Africa

Zimbabwe

Internet Shuts Down Due to Unpaid Bill

An aerial view of Harare, the capital city of Zimbabwe. (Photo: Webshots)

Government failure to pay a $700,000 bill to a satellite company has brought Zimbabwe's internet services to a virtual standstill, further isolating a country grappling with food shortages, chronic unemployment, and the world's highest inflation rate.

Internet users in Zimbabwe have complained of long delays in sending and receiving emails, painfully slow browsing speeds and problems connecting to many websites since Intelsat severed a satellite link that provided about three-quarters of the bandwidth used by the state-owned communications firm, TelOne.

The country's biggest internet service provider, MWeb Zimbabwe, issued a statement apologising to subscribers for the delays, but said it did not know when TelOne would settle its debt to Intelsat, one of the world's biggest communications companies, to have the satellite link restored.

"This is catastrophic, as all legal internet service providers (ISPs) utilise TelOne for their outgoing bandwidth to the worldwide web as well as for email traffic. Thus, all such ISPs have [been], and are being, affected by this downtime. In short, this ... is causing an almost collapse of the internet in Zimbabwe," the MWeb statement said.

A spokesperson for the Zimbabwe Internet Service Providers Association (ZISPA), an independent body representing all ISPs in the country, said they were working with the government and TelOne to resume normal internet services.

"We have been trying to find out for three weeks what the problem is, and TelOne finally told us it was a problem of payment," the ZISPA spokesperson said. "Now we are trying to find out what the plan is to get the problem resolved, but so far there has been very little movement in that direction."

TelOne declined to answer questions posed via telephone and email.

The breakdown in internet services coincides with fierce debate over Zimbabwe's proposed Interception of Communications Bill 2006, which would allow the government to monitor all internet communications, including email, web browsing, instant messaging and financial transactions.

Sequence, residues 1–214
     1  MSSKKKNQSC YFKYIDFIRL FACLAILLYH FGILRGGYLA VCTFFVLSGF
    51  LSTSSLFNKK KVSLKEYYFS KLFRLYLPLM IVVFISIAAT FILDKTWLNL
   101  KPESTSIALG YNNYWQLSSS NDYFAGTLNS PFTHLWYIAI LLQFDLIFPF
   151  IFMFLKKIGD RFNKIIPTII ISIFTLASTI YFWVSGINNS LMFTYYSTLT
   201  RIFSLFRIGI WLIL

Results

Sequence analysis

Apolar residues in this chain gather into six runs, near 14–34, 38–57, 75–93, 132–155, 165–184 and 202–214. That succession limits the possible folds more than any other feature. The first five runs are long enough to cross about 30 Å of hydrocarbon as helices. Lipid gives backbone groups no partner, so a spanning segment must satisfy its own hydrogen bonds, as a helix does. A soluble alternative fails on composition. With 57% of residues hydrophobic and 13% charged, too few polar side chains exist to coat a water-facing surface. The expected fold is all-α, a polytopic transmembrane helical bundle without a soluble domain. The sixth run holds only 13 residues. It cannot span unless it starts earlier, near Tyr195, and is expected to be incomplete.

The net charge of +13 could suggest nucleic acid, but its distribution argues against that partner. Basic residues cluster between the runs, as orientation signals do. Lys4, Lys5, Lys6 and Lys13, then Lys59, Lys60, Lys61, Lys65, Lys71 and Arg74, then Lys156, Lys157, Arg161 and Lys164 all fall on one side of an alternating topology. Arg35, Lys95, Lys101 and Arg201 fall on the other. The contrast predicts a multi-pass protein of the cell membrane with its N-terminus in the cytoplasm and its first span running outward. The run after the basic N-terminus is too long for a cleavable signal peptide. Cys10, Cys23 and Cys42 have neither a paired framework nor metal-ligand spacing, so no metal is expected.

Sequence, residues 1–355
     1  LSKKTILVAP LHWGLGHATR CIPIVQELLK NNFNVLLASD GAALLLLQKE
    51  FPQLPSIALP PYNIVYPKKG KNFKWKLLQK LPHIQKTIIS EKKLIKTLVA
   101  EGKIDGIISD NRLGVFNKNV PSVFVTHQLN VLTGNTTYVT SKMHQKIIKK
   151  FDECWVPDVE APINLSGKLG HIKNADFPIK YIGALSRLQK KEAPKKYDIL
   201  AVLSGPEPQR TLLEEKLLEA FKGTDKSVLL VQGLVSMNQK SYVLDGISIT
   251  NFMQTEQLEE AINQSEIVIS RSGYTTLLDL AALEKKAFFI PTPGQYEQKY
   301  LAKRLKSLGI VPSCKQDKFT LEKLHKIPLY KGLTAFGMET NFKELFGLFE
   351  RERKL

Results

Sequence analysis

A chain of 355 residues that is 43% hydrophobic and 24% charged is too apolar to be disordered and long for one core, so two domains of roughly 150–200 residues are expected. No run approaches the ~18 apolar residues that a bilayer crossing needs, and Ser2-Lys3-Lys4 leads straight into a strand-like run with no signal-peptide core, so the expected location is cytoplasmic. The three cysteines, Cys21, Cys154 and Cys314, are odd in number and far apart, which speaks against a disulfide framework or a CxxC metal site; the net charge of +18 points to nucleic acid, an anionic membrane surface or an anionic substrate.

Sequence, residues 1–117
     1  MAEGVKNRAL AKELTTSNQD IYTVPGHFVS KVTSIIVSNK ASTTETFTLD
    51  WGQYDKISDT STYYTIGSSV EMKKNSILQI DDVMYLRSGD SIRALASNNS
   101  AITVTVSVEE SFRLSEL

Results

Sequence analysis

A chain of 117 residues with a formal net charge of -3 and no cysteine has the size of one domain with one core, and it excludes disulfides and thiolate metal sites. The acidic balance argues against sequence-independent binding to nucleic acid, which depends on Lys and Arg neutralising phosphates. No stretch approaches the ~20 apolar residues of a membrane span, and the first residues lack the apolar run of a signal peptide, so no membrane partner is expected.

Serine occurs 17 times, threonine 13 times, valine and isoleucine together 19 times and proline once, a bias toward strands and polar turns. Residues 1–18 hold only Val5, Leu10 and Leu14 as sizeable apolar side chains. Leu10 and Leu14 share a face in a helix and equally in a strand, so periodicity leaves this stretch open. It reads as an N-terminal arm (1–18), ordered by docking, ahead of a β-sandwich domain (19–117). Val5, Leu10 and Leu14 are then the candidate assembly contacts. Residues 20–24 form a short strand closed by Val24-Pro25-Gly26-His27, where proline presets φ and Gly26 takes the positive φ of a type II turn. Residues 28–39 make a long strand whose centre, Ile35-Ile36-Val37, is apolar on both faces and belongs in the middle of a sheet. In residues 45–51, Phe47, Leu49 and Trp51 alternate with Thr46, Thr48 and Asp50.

President Robert Mugabe's ruling ZANU-PF party government has either instituted or revived a raft of media legislation that has led to the closure of numerous newspapers, trials of journalists and the expulsion of foreign correspondents. The new legislation being discussed in parliament would allow interception of all forms of private communications, including fixed-line and cellular phone calls.

The bill would also force internet service providers to buy surveillance equipment at a cost of about $1 million per provider, a stipulation that could force many to shut down in an economic environment where hard currency is scarce.

Zimbabwe has reportedly acquired electronic censorship and surveillance systems from China, which the rights organisation, Human Rights Watch, said in a report was the world's most advanced "system of internet censorship and surveillance, popularly known as the 'Great Firewall.'"

"We are very concerned about this proposed legislation because of the lack of judicial involvement and oversight, the potential loss of privacy in communications, as well as the costs and technical difficulties involved in meeting the requirements of the Bill," ZISPA said in a statement.

"As a result, ZISPA has prepared a submission to the Parliamentary Portfolio Committee on Transport and Communications, requesting that the Bill be withdrawn, pending further consultations and an examination of similar legislation and its implementation in other countries." © IRIN

[This report does not necessarily reflect the views of the United Nations]

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